Wells Gray Park Cave
A gigantic cave was discovered in April 2018 in northern Wells Gray Park during a government-funded flight to count mountain caribou. An expedition by helicopter to learn more about the cave was launched in September 2018. Participants were John Pollack, a caving expert and governor with the Royal Canadian Geological Society; geologist Catherine Hickson, cavers Lee Hollis and Chas Yonge, and park supervisor Tod Haughton. The cave opening is a huge 100 by 60 metre pit, with a nearly vertical 135-metre drop, and a creek that tumbles to the bottom and disappears. Entering the cave will be extremely challenging and dangerous, and technical equipment will be required. The cave could be about 2 km long based on the point where the creek emerges from the mountain.
Soon after the September expedition, BC Parks announced a complete closure of the region and a fine of up to $1 million for anyone caught. This will protect the cave and its environs while further studies are conducted.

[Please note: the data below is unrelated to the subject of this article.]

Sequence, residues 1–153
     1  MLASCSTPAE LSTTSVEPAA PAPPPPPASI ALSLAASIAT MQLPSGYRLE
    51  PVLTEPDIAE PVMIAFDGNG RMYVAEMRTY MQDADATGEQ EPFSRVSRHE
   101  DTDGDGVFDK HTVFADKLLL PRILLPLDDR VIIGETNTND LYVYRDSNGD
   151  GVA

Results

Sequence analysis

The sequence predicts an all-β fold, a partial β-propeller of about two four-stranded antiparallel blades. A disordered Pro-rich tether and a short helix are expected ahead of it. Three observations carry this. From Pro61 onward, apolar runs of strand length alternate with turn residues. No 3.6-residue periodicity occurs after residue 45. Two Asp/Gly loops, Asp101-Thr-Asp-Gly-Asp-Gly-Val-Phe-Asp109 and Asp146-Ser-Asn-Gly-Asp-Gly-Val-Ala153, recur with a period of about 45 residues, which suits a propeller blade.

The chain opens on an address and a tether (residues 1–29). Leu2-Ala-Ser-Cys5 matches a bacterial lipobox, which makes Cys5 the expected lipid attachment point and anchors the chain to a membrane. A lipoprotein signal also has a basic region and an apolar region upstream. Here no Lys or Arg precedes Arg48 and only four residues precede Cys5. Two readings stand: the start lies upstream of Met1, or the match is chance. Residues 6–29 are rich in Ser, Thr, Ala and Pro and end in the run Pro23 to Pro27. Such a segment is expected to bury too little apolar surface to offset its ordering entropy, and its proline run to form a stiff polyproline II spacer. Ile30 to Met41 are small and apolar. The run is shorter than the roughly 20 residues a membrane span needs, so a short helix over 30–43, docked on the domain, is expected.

When the first news appeared about the cave, there was great secrecy about the location. There seemed to be a fear that crowds of curious people would soon arrive at the site. When the author learned the coordinates of the cave, it was immediately obvious that no such stampede could occur. The cave is in a very remote area of Wells Gray Park, and access by foot is all but impossible. The cave is about 15 km north of the east end of Azure Lake, and the stream that flows through the cave drains into Ovis Creek. The coordinates are 52°31′00″N 120°02′35″W.
Another question often posed was why was such a huge opening not discovered a long time ago. Hickson believes that the cave entrance was covered by a glacier until a decade ago, and it has only recently been exposed. The opening is also at the bottom of a major avalanche path, and that may have kept the cave concealed.